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Socioeconomic Disparities in Obesity Expanded Over Past 2 Decades

Trends in adjusted obesity prevalence increased over 20 years, particularly in adolescents from low-socioeconomic status households.

New findings suggest socioeconomic disparities in obesity have widened in the last 2 decades, marking it as a significant public health concern.

The trends show the rates of adjusted obesity prevalence increased from 1999 - 2018 and were particularly prevalent among adolescents in the United States from low socioeconomic households.

“Accordingly, the larger obesity prevalence among adolescents from lower-SES households may exacerbate socioeconomic disparities in chronic diseases into adulthood,” wrote study author Kosuke Inoue, MD, PhD, Department of Social Epidemiology, Graduate School of Medicine, Kyoto University.

The study investigators evaluated obesity trends over this 2-decade period and stratified by household income and head of household education level. The data was compiled from the 1999 - 2018 National Health and Nutrition Examination Surveys (NHANES).

The rates of obesity among adolescents (aged 10 - 19 years) was defined as age- and sex-specific body mass index (BMI) greater than or equal to the 95th percentile based on the 2000 Centers for Disease Control and Prevention growth charts.

Individuals were stratified by household income (≤138% vs >138% federal poverty level) and head of household education level. Additionally, data on race and ethnicity were included on the association with obesity prevalence among US children and adolescents.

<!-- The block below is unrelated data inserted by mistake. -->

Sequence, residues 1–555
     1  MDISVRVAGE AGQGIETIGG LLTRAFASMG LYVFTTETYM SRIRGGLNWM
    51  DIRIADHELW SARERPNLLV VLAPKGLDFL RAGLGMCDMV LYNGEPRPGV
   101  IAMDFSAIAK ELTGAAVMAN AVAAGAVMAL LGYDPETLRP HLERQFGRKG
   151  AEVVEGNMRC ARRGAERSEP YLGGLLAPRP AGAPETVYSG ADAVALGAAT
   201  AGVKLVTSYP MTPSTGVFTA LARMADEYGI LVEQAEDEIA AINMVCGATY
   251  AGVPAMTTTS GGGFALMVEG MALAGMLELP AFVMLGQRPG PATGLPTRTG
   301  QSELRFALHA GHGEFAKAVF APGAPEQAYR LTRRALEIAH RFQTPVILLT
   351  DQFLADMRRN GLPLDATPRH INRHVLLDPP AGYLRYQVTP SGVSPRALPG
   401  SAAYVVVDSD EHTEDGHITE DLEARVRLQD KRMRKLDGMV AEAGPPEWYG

The team of investigators first described 1999 - 2018 trends in obesity prevalence in 4-year increments stratified by income and education. Then, they investigated the association of socioeconomic status and obesity prevalence using ordinary least-squares regression.

There were a total of 21,296 individuals included in the study, with a mean age of 14.5 years and 49.3% were female. Investigators noted the information on household income and head of household education levels were available for 19,465 (91.0%) and 20,302 (95.0%), respectively.

Data show adolescents from low-socioeconomic status households were more likely to be non-Hispanic Black (21.7%), have obesity (22.8%), or have an unmarried parent (45.5%). Trends in adjusted obesity prevalence increased over 20 years, with a particular prevalence among adolescents from low-socioeconomic status households.

Investigators noted that living in a low-income household was associated with a 4.2-percentage point increase in obesity prevalence (95% CI, 2.4 - 5.9) and lower education level in the head of household was associated with a 9.0-percentage point increase (95% CI, 7.2 - 10.7).

Moreover, the gap in obesity prevalence between adolescents from low-income households was 6.4 percentage points greater (95% CI, 1.5 - 11.4) in 2015 - 2018 compared to 1999 - 2002. A similar trend was noted for education, with 4.2-percentage points greater prevalence (95% CI, -0.8 to 9.3) for individuals with lower head of household education levels in 2015 - 2018 versus 1999 - 2002.

The gap in obesity prevalence by income and education increased by an average of 1.5 (95% CI, 0.4 - 2.6) and 1.1 (95% CI, 0.0 - 2.3) percentage points every 4 years, according to investigators.

“Future studies should assess strategies to reduce socioeconomic disparities in obesity among US adolescents and evaluate their long-term health consequences,” Inoue concluded.

The research letter, “Evaluation of Obesity Trends Among US Adolescents by Socioeconomic Status, 1999 - 2018,” was published in JAMA Pediatrics.